-the main reasons for not thinking that telemedicine would be useful were: duplication (time spent discussing remotely and then face-to-face), not being able to examine the patient, and why bother as doctors and patients are local so why not benefit from richness of face-to-face communication
-there was mention of this New Scientist article on 'digital souls'
-the TV series Junior Doctors told a story, as all media do. The difference is that with social media you might be able to tell your own story.

A big thank you to the group. I learnt a lot from you. If I've forgotten anything- let me know!

"Who needs med school when you have Twitter?;-)"

Sunday, 15 May 2011

"I'm sorry to have to tell you this...."

Empathy picture
Empathy by The Shopping Sherpa

Another Sunday morning, another stimulating conversation about medical education on Twitter.
It started with a tweet from Dr. Jonathon Tomlinson “To say you cannot learn insight and empathy is like saying you cannot learn science or a new language. Possibly true, but very sad.”

So can we teach empathy? What do we mean by empathy? A good review of the complexities was published earlier this year by some researchers from the University of East Anglia. They suggest that we might be better to step away from the concept of empathy and instead just focus on etiquette. It's a provocative read.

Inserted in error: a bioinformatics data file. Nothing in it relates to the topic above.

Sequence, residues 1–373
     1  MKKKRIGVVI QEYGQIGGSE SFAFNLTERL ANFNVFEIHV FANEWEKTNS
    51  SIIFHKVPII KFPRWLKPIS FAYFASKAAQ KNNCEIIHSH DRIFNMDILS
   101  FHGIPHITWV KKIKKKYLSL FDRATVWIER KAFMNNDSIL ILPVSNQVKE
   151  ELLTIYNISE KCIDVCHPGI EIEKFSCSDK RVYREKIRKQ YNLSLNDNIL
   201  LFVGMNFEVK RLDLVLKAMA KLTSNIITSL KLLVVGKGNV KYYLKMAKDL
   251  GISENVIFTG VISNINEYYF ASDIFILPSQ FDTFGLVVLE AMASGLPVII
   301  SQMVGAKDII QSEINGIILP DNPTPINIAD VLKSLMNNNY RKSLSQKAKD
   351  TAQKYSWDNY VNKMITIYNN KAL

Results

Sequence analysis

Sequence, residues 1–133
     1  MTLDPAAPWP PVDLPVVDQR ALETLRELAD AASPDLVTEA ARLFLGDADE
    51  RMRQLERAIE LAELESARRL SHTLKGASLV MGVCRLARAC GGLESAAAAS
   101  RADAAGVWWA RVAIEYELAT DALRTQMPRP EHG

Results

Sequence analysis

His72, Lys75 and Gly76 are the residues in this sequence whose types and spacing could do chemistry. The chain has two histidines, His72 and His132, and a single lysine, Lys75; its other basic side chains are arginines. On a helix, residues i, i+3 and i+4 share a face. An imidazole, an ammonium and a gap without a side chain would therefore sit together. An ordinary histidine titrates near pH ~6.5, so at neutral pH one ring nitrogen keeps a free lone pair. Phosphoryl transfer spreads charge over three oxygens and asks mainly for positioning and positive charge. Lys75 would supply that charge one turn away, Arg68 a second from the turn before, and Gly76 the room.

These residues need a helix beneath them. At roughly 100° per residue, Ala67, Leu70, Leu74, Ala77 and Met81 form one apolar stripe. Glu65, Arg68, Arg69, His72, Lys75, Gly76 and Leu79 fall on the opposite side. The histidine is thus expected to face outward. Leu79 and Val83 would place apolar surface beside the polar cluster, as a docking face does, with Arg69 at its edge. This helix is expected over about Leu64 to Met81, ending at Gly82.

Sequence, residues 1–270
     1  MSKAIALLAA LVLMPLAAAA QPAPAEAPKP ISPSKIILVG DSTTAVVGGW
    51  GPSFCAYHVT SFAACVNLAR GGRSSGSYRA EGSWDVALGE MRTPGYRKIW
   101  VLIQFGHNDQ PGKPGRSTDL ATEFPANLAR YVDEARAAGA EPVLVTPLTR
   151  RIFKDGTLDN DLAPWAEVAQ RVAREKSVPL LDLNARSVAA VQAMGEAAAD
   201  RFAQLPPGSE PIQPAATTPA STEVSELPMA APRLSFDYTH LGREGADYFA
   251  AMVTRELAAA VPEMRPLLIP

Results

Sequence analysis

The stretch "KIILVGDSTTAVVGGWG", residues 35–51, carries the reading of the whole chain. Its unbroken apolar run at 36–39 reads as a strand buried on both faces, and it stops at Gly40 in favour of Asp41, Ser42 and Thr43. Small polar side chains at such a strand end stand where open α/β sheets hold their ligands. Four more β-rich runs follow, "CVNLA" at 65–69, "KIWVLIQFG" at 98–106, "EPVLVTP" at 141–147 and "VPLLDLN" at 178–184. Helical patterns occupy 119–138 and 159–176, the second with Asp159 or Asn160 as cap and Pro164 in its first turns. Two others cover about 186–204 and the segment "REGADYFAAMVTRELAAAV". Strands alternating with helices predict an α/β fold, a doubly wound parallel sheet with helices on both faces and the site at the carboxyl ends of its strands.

I wonder if teaching empathy isn't like teaching clinical reasoning. We need to first think of empathy as a disposition before concentrating on the skills. The following quote comes from a just-published study on how physicians think about clinical reasoning in students, is it an ability or a disposition? : "The ability-disposition distinction highlights the difference between teaching knowledge and skills, referred to as teaching-as-transmission, versus teaching attitudes, modifying personality and changing behaviour, referred to as teaching-as-enculturation."